Fossil find tests theory of how ear developed

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The Independent Online
HOW THE elephant got its ears has just become a more complicated story, thanks to the discovery of a fossilised shrew-like animal that lived 115 million years ago.

It was thought that all mammals, from egg-laying monotremes such as the duck-billed platypus, to placental mammals such as the dog, developed the tiny auditory bones of the middle ear just once in their common evolutionary history. But a fossil jawbone of a mammal that lived in Australia suggests that the middle-ear bones, which allow animals to hear sounds, evolved independently at least twice.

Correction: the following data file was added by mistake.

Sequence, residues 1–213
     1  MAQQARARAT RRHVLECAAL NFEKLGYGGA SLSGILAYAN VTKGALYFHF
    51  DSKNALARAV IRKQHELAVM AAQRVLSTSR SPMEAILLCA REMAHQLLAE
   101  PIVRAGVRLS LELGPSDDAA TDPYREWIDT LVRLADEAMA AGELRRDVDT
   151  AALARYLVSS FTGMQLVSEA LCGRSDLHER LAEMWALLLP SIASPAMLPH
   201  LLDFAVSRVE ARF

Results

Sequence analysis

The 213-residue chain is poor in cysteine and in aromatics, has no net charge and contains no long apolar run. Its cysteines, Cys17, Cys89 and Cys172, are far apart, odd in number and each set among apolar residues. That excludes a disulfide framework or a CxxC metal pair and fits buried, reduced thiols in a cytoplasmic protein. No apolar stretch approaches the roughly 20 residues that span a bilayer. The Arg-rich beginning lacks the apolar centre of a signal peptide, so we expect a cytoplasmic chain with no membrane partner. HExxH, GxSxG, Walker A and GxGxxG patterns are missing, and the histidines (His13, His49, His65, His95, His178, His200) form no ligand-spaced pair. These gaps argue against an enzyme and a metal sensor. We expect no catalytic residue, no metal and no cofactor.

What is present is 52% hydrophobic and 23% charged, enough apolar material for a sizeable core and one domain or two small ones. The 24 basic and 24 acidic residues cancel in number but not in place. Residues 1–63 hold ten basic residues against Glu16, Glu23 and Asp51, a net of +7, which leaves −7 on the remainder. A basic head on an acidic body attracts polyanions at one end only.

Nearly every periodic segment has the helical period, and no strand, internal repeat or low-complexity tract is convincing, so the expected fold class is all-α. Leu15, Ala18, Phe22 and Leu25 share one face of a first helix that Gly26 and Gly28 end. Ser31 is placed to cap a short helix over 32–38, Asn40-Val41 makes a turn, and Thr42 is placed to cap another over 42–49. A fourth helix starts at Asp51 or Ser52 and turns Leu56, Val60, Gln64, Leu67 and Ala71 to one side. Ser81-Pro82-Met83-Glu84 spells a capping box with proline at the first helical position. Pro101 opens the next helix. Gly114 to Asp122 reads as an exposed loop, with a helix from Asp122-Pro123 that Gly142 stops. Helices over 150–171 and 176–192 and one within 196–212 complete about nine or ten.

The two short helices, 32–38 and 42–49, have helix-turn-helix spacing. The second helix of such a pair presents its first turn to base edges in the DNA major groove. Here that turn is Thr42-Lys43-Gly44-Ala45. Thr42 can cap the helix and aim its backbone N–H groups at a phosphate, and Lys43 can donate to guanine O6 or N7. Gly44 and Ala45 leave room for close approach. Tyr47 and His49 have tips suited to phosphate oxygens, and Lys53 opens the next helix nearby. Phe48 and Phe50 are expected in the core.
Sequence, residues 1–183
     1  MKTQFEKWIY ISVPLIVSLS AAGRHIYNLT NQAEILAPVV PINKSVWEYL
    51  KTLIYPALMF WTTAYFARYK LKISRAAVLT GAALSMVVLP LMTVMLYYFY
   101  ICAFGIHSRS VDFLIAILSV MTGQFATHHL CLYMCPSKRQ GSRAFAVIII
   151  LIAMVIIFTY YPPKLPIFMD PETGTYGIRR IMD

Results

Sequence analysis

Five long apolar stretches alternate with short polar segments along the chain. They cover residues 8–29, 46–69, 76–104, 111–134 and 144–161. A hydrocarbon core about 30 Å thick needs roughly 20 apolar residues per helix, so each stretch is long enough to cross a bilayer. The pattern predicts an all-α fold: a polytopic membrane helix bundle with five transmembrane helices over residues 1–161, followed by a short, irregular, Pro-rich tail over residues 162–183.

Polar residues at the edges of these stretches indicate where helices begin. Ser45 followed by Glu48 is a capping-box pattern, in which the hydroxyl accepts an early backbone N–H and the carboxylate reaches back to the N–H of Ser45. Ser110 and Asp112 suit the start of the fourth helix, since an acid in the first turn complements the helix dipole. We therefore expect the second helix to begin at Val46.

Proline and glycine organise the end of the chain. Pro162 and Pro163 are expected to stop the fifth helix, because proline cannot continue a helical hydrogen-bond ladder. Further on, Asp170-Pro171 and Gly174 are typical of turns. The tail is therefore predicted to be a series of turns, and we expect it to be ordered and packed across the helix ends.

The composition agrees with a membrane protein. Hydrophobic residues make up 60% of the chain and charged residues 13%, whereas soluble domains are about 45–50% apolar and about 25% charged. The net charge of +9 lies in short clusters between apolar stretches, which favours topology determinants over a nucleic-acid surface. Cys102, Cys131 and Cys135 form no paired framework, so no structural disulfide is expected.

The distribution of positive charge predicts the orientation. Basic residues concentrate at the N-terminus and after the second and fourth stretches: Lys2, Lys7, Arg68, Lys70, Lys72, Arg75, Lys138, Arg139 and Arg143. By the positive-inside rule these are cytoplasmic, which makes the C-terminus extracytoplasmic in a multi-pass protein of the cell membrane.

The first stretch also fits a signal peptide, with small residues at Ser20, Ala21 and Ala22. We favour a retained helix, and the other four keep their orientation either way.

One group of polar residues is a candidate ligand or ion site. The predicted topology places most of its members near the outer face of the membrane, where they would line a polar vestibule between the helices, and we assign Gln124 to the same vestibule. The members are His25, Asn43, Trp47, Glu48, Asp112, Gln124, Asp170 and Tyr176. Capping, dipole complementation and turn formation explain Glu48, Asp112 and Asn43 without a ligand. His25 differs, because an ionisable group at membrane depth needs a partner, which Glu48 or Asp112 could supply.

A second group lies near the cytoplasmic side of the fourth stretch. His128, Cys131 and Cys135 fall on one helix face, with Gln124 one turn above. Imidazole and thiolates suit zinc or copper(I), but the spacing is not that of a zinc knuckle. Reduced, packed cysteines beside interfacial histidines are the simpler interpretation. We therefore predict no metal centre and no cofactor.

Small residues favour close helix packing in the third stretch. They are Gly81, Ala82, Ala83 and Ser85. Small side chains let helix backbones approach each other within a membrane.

The delicate bones were thought to have evolved from others that were part of the lower jawbone in mammals' reptilian ancestors. During evolution they became detached to form a separate middle ear.

But palaeontologists from the University of Chicago and the Museum Victoria in Melbourne have discovered a lower jawbone of the oldest known monotreme with middle-ear bones still attached to its jaw.

Finding the jawbone of Teinolophos trusleri, a shrew-like animal, with an attached middle ear suggests that the auditory equipment of this early mammal had evolved separately from the rest of the group, said Tom Rich, curator of vertebrate palaeontology at the museum.

James Hopson, professor of biology at the University of Chicago, said: "The ear bones are still attached to the lower jaw, which implies that this shift had to occur in later monotremes and independently of the shift occurring in the common ancestor of marsupials and placentals."

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